This COPE discussion document provides guidance on the ownership of peer reviews and the potential issues that may arise around making reports publicly available. Key questions discussed in the document include who has ownership of peer review comments, who gets to determine whether a review can be made public, and if so, which parties would be required to consent to its publication. The document also covers whether sharing reviewer comments breaches the confidentiality or anonymity of peer review, even after publication, protocols for publishing the names of reviewer, and guidance for potential transfers of reviews of manuscripts that are rejected then submitted elsewhere.
- The movement towards greater transparency, accountability and recognition in peer review has led to questions around the ownership of review content.
- Under copyright law, most reviews would be considered to meet the requirements for an “original work of authorship”, and therefore, the reviewer holds copyright, unless they expressly transfer copyright by written agreement to the publisher.
- Concepts of “openness” in peer review should not be confused with a “lack of confidentiality”.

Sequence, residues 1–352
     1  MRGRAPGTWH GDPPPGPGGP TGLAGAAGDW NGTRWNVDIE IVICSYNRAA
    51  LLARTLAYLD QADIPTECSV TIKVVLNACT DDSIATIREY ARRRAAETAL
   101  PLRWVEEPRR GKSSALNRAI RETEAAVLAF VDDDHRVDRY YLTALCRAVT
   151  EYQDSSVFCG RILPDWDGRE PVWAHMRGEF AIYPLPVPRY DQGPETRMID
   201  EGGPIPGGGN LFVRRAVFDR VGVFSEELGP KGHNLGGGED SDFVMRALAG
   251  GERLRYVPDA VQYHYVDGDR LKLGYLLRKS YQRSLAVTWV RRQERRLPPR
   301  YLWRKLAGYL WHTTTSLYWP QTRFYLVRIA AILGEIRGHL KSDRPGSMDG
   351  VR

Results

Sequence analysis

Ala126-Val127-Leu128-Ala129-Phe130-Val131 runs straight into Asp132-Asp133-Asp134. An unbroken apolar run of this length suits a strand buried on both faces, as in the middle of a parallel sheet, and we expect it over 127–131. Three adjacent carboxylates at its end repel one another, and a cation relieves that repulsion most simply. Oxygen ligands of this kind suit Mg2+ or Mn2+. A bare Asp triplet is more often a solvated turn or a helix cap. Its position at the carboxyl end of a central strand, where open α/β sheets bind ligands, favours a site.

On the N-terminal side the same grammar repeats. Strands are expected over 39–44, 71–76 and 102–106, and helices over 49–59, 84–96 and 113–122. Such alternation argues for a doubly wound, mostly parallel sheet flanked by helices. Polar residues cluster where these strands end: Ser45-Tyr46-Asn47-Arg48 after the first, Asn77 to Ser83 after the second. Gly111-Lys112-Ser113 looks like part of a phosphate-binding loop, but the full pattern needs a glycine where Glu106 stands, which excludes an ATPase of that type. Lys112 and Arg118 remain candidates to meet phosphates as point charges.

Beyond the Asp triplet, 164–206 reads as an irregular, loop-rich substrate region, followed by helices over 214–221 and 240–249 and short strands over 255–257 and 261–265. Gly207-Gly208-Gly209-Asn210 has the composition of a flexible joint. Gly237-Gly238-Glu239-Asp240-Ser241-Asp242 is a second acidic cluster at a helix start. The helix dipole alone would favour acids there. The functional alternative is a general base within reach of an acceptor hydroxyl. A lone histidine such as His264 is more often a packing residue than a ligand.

- Any confidentiality assured during the review process should be maintained, upheld and protected even after publication, unless expressly permitted by relevant parties.
- Authors must be consulted about publication of all pre-accepted works, as they may not wish to see details of earlier versions of their paper revealed via peer review reports.
COPE welcomes feedback from publishers, journal editors, reviewers, researchers, institutions, librarians, funders, and other stakeholders on this subject. Add your feedback below.
About this resource
Written by COPE Council
Version 1 September 2017
How to cite this COPE Council. COPE Discussion Document: Who 'owns' peer reviews? September 2017. https://doi.org/10.24318/rouP8ld4
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3 February 2022
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